Cédric Schlicher, a General Manager in China

 

Interview with Cédric Schlicher, the GM of Fil Control in China

Cédric Schlicher arrived in China in 2007 and developed the subsidiary of Fil Control, a company specializing in the design and manufacturing of electronic products for textile machinery. Cédric is an intrapreneur. Discover his career path and his state of mind to remain enterprising.

Cédric Schlicher: his favourite slogan to remain enterprising

The best form of defence is attack.

When you decide to set up a project, you can’t let yourself be pushed around. You must be strong and know how to react in case of problems and external attacks.

Can you describe the context of the subsidiary you manage?

I manage the subsidiary of Fil Control, which is a factory located in Wuhu, a third-tier city in the province of Anhui, in China. It has been created in 1990.  We are specialized in the study, development, industrialization and sale of equipment products for the textile industry. We respond to the generic needs and specific requests of our customers and partners. The textile market in Asia is particularly dynamic and we assist our clients to offer not only quality products but also a proximity which is necessary in our sector.

Here is Fil Control’s website

What do you start your working days with (morning routines)? Why?

My working days are often very different but a few missions remain the same. Indeed, I begin with meeting the different department managers and with an inspection of teams to check that everything is ok. By nature I am an organized person so I know what I have to do each day. My goal is to make my team work effectively by solving problems which may slow down activities. Chinese people need someone who can support them but who can also decide quickly, at the best moment.

How do you do to decompress when pressure rise?

It is true that working can sometimes be a little bit stressful. China is noisy and crowded. At those times, I like to have a rest with my family. However, I am not solitary by nature; I need to be in contact with people I appreciate. For example, I sometimes talk with other expatriates who also face problems and so on. I think that to live one’s expatriation well, it is necessary to avoid isolation.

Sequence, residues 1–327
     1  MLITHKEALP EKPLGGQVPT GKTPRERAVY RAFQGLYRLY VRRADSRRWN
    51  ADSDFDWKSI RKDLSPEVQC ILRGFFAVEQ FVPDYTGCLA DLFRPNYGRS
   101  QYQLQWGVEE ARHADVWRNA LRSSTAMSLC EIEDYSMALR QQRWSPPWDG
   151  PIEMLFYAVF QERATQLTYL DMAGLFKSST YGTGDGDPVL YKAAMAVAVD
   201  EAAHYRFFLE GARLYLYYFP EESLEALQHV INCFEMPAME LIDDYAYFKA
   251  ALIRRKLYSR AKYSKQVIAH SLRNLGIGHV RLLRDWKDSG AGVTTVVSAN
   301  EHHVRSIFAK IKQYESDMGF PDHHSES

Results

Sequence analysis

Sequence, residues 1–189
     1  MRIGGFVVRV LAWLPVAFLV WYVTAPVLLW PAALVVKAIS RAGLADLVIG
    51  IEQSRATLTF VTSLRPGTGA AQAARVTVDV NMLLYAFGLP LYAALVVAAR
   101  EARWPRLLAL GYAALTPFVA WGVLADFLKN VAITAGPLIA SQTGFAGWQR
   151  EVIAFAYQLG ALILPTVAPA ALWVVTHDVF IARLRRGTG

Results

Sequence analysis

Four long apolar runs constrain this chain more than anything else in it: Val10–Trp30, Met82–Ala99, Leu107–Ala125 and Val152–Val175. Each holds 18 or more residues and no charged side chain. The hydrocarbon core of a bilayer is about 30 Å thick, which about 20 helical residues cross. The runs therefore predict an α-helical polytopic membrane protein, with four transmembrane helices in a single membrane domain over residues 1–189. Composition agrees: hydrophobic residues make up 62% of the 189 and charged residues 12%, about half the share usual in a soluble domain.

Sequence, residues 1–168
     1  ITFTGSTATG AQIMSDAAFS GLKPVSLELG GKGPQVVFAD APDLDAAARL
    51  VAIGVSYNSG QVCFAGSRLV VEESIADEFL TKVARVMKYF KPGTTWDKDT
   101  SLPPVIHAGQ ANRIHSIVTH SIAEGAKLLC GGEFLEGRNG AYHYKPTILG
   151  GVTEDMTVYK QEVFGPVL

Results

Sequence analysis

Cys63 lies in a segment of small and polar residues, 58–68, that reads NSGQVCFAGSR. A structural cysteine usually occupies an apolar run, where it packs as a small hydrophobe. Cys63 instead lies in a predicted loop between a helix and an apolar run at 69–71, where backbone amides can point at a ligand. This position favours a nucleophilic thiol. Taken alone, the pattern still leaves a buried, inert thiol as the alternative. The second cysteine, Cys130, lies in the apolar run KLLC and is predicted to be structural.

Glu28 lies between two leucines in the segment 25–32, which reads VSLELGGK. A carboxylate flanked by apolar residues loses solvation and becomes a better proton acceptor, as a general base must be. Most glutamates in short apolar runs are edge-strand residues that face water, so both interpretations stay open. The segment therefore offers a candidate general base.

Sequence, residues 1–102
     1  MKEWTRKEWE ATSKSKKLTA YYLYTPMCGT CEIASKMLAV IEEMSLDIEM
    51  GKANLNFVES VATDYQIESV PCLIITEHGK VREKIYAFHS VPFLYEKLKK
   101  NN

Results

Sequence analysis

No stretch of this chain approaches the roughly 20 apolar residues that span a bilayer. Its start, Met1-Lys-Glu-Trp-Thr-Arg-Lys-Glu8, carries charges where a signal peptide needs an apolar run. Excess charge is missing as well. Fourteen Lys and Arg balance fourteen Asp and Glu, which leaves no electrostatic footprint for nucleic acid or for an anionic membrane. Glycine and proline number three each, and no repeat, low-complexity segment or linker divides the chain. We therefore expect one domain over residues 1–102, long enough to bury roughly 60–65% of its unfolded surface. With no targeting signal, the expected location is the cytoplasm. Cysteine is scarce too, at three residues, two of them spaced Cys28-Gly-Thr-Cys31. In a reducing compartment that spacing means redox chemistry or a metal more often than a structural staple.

How to avoid isolation?

Good question! I am fortunate to be surrounded by a large number of people from different backgrounds, Chinese and expatriates, and we can share our experiences. Expatriates move a lot, thus I know some people in a large number of cities in China, but also in other countries: this allows remaining surrounded even during my numerous business trips. When I am in Wuhu, share a meal and privileged moments with my family, close friends and colleagues is vital for me. And there is the essential call to my family in France every Sunday!

What do you do when you can’t concentrate to work?

Relax, take a step back. The constant pressure in China can make you forget to take a step back from what you do, but it is essential to remain effective at work.

How do you react to an error or a failure?

The best way to avoid errors is to do nothing, but this often leads to failure! You should not be afraid of making mistakes; you should know how to bounce back rapidly, offer new solutions in order not to repeat the same errors. It is also the same philosophy which I try to involve within my team. I prefer corrective actions rather than sanctions.

When you wake up exhausted or in a bad mood, what do you do to find motivation and a good state of mind?

I enjoy getting up in the mornings; breakfast is a moment of pleasure for me; I often get up with the smell of baked bread prepared the evening before, associated with coffee. How not to be in a good mood? In difficult moments, I always try to relativize. I also like to go running when I have time, in order to empty my mind.

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According to you, what are the 3 key success factors in China’s industrial world?

1- Relationship

In China, it is called “Guanxi”. Chinese people are very sensitive and enjoy contact with people. Relationship always comes first.

2- Being innovative and competitive

China is a highly competitive market, but Chinese people enjoy innovative western products. It works very well in the country. A lot of competitors are on the market and offer similar products. It is important to differentiate oneself from competitors by offering value-added products or services.

3- Understanding of one’s environment

It is well-known that Chinese culture is very different. But when it comes to put into practice, very few companies succeed in adapting their organization and decisions to the reality. Adaptation requires putting into question, which is sometimes difficult to implement, but with open-mindedness, it is not an insurmountable obstacle.

More information about Cédric Schlicher on his LinkedIn profile

 

 

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